Last week’s election results tipped control of the House of Representatives to the Democrats. How will the new leadership in Congress affect America’s national security policy? Katie Bo Williams at Defense One has a few predictions:

Democratic control of the lower chamber is likely to reinforce the current momentum towards cuts to the defense budget. Smith has said that this year’s $716 billion budget is “too high”; in a surprise, Trump recently ordered a $33 billion cut in defense spending for 2020.

But although there may be broad consensus over the need for topline cuts, the new majority in the House will be able to use the power of the purse to try to influence policy on a more granular level. The Armed Services Committees scored big political wins for Trump under the late Sen. John McCain, R-Ariz., and current House chairman Rep. Mac Thornberry, R-Texas; in control of the House, Democrats may be able to force compromises on controversial issues like the Space Force.

In other ways, Congress will remain limited in its ability to shift U.S. foreign policy, inherently an executive branch function. The House has far fewer powers to directly influence the U.S.’s internal affairs than does the Senate, which can approve treaties and confirm presidential nominees.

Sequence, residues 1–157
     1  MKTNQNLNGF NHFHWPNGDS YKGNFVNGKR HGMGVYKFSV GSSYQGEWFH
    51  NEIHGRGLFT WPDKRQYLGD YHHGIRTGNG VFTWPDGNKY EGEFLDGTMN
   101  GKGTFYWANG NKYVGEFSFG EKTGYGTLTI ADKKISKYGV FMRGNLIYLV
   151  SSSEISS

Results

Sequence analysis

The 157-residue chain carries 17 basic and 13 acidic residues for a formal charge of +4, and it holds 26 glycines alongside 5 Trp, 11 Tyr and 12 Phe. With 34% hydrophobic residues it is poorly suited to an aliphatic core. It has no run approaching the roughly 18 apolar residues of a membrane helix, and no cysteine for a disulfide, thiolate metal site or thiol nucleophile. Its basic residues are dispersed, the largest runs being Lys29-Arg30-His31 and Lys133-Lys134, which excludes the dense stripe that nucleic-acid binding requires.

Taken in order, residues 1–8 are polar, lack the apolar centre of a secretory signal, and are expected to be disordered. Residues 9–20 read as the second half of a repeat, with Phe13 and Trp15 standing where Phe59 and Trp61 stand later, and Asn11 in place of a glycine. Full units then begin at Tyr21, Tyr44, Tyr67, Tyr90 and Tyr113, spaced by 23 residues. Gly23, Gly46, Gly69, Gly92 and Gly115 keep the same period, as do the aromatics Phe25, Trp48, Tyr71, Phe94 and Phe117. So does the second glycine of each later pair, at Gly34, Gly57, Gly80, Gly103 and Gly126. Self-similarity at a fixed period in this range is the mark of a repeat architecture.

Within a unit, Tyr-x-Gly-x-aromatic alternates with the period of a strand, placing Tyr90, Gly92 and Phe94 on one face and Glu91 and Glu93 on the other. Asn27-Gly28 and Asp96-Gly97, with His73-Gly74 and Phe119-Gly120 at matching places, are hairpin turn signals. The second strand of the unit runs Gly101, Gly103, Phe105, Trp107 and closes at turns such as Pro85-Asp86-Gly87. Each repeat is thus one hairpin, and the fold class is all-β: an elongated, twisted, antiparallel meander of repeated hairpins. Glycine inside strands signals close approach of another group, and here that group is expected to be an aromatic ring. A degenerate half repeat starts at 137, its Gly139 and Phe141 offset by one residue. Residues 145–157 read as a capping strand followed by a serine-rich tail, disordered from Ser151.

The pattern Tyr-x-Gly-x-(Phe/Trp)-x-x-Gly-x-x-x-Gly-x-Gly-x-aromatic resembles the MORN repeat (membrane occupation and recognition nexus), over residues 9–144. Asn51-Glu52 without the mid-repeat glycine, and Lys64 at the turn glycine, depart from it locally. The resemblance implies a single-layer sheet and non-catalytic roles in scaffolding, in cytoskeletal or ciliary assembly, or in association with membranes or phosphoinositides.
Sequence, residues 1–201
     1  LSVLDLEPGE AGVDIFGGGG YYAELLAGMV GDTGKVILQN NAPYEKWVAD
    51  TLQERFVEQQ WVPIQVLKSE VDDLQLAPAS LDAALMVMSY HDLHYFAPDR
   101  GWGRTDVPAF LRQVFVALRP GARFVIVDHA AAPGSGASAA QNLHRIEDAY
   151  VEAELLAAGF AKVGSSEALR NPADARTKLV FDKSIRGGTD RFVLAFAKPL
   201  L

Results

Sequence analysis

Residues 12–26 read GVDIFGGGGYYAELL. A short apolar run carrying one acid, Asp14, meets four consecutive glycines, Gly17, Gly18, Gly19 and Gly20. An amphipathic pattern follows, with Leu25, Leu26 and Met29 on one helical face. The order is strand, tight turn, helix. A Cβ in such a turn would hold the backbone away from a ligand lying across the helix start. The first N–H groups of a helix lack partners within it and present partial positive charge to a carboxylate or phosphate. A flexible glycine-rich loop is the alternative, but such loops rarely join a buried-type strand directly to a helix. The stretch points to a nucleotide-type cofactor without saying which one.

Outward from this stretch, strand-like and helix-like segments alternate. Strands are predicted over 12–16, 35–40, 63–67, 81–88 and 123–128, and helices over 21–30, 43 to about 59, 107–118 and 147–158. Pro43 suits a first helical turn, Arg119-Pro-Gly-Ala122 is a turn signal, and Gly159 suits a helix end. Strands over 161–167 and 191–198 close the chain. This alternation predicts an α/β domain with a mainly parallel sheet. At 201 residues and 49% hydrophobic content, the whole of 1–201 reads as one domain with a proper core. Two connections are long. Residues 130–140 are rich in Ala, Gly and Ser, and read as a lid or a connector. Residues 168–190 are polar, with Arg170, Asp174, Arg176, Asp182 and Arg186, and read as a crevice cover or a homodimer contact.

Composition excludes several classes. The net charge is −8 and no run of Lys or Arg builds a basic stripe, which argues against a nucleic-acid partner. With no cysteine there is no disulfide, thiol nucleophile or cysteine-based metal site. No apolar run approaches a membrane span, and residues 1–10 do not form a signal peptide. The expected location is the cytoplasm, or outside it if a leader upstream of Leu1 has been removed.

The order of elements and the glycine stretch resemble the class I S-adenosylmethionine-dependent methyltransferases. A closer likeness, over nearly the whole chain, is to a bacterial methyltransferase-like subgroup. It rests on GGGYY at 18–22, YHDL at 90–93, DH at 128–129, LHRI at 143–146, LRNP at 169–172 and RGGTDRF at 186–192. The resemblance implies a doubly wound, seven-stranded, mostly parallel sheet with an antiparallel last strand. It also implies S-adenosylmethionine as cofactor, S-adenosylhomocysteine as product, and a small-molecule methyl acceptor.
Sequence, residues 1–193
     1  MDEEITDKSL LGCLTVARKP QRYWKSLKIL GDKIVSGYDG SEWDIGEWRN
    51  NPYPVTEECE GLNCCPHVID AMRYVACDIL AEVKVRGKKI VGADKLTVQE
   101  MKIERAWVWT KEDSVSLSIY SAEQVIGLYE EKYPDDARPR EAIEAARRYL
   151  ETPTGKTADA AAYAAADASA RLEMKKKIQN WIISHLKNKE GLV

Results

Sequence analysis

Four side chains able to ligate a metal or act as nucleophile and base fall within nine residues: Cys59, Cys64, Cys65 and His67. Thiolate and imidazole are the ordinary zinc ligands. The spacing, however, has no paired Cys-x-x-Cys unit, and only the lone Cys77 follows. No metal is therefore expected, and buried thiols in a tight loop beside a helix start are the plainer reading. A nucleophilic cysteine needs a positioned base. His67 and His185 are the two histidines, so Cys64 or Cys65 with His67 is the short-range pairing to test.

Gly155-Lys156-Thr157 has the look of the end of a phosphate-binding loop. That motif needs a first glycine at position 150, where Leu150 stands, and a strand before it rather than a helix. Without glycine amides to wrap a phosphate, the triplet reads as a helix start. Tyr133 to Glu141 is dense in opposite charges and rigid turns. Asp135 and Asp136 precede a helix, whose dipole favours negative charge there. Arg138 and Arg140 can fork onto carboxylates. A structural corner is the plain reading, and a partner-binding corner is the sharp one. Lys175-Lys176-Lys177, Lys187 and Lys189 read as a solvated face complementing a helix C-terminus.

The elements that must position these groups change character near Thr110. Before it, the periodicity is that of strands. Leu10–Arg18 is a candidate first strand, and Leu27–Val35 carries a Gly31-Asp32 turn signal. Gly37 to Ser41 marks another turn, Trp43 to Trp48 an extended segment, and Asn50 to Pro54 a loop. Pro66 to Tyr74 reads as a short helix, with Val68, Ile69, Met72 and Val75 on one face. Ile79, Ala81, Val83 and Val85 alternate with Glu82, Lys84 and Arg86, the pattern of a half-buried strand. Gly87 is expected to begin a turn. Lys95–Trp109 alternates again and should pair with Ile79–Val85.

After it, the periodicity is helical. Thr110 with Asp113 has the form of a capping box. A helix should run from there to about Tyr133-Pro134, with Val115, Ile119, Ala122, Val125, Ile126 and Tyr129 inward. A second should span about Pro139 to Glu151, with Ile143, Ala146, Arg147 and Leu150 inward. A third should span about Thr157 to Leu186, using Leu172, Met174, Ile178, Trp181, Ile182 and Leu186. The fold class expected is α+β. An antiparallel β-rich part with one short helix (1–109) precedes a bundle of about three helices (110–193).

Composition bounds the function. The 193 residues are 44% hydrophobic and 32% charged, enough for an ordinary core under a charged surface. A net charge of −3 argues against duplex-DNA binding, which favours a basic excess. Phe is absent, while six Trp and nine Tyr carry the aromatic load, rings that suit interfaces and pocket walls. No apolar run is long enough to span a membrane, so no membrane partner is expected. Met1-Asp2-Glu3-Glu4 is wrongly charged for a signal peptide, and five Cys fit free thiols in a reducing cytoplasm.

Analysts expect lawmakers across both chambers to press the administration to enforce existing sanctions on Russia, and perhaps even seek stiffer penalties.

The midterms have reshaped both Armed Services Committees in a way that could elevate more liberal voices within the Democratic caucus on defense issues.

In the Senate, Democrats lost several key members of the panel, including Sen. Claire McCaskill, D-Mo., and Sen. Joe Donnelly, the top Democrat on the Strategic Forces Subcommittee.

But in the House, the switch will move up now-freshman Rep. Ro Khanna, a progressive Democrat from California—and sometimes bête noir of party leadership—with a fierce focus on ending U.S. support the war in Yemen. He attracted more than 50 sponsors, including Smith, for his War Powers Resolution on Yemen.

Democrats could also select one of their caucus’s fiercest anti-war advocates, Rep. Barbara Lee, D-Calif., for a leadership position. Lee, the only member of Congress to vote against the 2001 authorization for war against al Qaeda, has thrown her hat in the ring for the No. 5 spot: caucus chairman. (She does not sit on the Armed Services Committee.)

Then there are the wild cards: a swath of new members are veterans of the wars in Iraq and Afghanistan who could jostle for seats on the panel.

Read her full analysis here.

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